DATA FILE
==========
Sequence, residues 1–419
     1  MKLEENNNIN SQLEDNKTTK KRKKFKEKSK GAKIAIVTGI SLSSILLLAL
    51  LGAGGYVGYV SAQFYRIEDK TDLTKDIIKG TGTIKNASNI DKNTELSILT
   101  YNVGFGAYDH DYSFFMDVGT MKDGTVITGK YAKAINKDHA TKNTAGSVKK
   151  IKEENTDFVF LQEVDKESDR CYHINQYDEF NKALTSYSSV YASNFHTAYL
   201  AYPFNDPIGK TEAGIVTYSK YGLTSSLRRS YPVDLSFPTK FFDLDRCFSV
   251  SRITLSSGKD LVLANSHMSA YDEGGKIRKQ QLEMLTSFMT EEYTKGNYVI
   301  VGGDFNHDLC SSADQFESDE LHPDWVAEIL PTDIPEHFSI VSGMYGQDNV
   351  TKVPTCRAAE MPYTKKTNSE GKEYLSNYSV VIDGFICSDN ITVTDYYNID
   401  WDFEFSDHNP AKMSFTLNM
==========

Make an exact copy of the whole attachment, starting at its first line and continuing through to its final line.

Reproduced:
Sequence, residues 1–419
     1  MKLEENNNIN SQLEDNKTTK KRKKFKEKSK GAKIAIVTGI SLSSILLLAL
    51  LGAGGYVGYV SAQFYRIEDK TDLTKDIIKG TGTIKNASNI DKNTELSILT
   101  YNVGFGAYDH DYSFFMDVGT MKDGTVITGK YAKAINKDHA TKNTAGSVKK
   151  IKEENTDFVF LQEVDKESDR CYHINQYDEF NKALTSYSSV YASNFHTAYL
   201  AYPFNDPIGK TEAGIVTYSK YGLTSSLRRS YPVDLSFPTK FFDLDRCFSV
   251  SRITLSSGKD LVLANSHMSA YDEGGKIRKQ QLEMLTSFMT EEYTKGNYVI
   301  VGGDFNHDLC SSADQFESDE LHPDWVAEIL PTDIPEHFSI VSGMYGQDNV
   351  TKVPTCRAAE MPYTKKTNSE GKEYLSNYSV VIDGFICSDN ITVTDYYNID
   401  WDFEFSDHNP AKMSFTLNM